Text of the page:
“Don’t put up with everything!”

Reading time: approx. 3 minutes
Text: Juliane Gringer
Photos: private

Many truck drivers work in difficult conditions. Juan Pedro Garcia Rosales, who has been in the profession himself for three decades, is a strong advocate for his colleagues - through his work in associations and interest groups, but also on a personal level.

“I want us truck drivers to be seen by society and by the companies we work for,” says Juan Pedro Garcia Rosales. He has been a truck driver on Europe’s roads for around three decades – and in his free time he is committed to improving working conditions. “I go to events such as trucker meet-ups and talk to the drivers about their issues and problems,” says the 53-year-old. “We talk about what needs to be changed.” The most important issues are well-known: Wages, parking, sanitary facilities and dealing with the workers at the ramp.
Garcia Rosales passes on these wishes – or rather: these legitimate demands – to decision-makers through his involvement with commercial driver associations in Germany. He is the chairman of one of these associations for the southern Baden region. He is the first chairman of the shipping and logistics unit in the southern Baden branch of the ver.di trade union. He is also a member of the union PROFI – Pro Fahrer-Image e. V. and sits on the driver advisory board there. In all of these functions, he also educates truck drivers about the rights they are already entitled to: “Many don’t even know what rights they have, or when they can tell the boss: ‘No, sorry, I’m not doing that – because I don’t have to!’.” Among other things, he calls for policies in which unloading time is not counted as break time: “I’m still working during that time, how can a freight company demand that I pause the tachograph? Such practices make the days longer and longer for us drivers. It’s simply not fair.” In Spain, for example, it is now illegal for truckers to do the unloading themselves. “The union achieved this together with the government. Why doesn’t Germany have a law like this yet?”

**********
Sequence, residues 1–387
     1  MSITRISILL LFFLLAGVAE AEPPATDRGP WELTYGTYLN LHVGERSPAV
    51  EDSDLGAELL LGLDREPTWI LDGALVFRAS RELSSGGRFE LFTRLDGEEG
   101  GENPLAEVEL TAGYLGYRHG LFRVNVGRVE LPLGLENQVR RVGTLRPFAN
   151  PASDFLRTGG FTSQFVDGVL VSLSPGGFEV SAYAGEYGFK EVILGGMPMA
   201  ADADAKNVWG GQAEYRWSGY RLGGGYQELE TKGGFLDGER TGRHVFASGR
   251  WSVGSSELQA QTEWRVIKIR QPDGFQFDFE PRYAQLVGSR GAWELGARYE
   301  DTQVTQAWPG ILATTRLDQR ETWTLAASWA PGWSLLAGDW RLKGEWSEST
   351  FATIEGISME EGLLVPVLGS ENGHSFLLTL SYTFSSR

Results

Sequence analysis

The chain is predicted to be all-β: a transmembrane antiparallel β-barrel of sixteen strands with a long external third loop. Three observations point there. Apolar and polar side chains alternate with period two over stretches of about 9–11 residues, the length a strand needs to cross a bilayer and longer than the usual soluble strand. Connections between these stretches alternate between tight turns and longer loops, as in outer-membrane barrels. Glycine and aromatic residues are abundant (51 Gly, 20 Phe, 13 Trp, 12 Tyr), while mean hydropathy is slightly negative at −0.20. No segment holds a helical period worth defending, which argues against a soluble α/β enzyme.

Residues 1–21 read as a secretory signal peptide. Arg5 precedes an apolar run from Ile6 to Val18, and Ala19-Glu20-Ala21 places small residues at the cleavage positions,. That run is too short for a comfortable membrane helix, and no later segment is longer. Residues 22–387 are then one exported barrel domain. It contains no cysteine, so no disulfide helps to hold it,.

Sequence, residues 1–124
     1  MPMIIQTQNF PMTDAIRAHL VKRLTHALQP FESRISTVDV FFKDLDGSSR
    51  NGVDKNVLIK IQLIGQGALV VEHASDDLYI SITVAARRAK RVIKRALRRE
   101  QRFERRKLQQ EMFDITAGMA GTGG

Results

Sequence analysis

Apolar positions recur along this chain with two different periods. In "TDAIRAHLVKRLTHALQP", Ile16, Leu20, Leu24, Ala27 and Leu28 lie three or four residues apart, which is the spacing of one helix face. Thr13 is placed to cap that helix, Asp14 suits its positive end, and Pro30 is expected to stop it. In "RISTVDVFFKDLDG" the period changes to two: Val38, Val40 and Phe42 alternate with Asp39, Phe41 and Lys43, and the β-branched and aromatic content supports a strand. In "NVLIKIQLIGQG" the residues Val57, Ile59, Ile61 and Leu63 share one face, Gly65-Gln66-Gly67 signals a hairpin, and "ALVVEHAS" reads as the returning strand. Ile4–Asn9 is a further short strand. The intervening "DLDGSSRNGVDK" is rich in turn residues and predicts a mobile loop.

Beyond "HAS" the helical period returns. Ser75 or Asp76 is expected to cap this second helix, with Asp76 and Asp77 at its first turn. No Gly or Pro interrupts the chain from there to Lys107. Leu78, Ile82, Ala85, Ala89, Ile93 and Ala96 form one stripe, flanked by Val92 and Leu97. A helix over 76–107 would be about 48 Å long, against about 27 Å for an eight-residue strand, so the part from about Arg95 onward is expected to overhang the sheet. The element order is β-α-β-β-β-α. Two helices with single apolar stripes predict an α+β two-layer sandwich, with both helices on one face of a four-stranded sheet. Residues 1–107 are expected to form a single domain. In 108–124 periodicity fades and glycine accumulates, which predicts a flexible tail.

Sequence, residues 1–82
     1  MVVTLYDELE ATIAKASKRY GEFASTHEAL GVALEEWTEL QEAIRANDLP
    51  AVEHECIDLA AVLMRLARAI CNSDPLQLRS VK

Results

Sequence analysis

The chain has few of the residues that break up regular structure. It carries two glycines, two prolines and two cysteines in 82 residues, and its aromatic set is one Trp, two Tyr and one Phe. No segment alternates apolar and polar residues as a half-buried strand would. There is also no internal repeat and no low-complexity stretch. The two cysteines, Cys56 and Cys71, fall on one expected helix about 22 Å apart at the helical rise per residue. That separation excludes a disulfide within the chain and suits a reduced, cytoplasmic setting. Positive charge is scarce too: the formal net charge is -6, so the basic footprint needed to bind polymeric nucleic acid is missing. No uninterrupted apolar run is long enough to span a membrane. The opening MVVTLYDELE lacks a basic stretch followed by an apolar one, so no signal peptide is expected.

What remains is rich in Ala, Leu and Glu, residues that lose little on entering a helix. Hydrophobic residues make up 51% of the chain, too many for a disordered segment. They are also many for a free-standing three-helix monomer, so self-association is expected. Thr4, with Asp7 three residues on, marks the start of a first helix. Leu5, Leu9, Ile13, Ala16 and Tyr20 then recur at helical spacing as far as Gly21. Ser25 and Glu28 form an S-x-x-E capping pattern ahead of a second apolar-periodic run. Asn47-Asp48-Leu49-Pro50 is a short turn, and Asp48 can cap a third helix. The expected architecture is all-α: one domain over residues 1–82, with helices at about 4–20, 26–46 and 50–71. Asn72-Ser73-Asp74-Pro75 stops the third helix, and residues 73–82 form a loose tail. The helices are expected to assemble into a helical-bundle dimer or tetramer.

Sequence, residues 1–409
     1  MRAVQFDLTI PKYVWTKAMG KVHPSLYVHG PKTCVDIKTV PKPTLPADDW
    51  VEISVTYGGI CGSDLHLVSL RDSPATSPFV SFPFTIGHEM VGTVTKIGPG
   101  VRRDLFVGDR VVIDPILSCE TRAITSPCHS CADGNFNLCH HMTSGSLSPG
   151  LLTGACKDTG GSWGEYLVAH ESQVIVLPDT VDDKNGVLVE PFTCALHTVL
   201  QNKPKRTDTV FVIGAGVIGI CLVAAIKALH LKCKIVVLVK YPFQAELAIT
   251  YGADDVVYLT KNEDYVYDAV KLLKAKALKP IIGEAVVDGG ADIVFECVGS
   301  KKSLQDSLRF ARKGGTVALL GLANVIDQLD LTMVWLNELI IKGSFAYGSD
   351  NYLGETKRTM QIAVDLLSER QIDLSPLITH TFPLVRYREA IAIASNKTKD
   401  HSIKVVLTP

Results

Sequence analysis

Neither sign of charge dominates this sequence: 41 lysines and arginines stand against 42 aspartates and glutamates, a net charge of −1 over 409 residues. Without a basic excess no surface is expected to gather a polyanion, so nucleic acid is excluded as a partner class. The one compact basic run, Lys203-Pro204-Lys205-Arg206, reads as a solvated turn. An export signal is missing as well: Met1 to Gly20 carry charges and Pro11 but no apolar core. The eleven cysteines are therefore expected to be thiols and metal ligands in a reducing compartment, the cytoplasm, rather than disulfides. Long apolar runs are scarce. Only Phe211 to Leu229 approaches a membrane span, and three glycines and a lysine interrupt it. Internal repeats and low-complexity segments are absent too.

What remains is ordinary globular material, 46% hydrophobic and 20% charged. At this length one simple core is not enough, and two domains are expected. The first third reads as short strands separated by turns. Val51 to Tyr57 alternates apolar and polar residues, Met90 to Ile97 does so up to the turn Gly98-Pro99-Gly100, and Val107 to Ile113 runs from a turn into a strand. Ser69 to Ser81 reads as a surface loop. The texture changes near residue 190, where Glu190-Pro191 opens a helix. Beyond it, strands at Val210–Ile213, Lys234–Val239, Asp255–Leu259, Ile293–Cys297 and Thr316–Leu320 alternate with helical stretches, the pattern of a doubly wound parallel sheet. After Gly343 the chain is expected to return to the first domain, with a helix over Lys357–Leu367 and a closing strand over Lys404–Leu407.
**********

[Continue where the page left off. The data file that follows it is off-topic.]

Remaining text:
Passion runs in the family

Even as a child, it was clear to him that he wanted to be a truck driver. “As soon as I had the opportunity to get my driver’s license, I started the process,” he says. When Juan Pedro was a child in the 1970s, his grandfather, who was also a professional truck driver, often took him along on his routes during school holidays. He always drove from Almeria to Zaragoza to pick up fruit and vegetables from the wholesale market there. During the approximately 750 kilometres of driving, Juan Pedro regularly sat in the passenger seat, watching the Spanish landscapes flowing past him through the window. He particularly likes to remember how much prestige the profession still had back then: “When we stopped at a rest area, it felt like a red carpet was being rolled out for us,” he recalls. “My grandpa was served fresh coffee and everyone was very nice to us. Back then, truck drivers were still held in high esteem – everyone knew how important the job was.”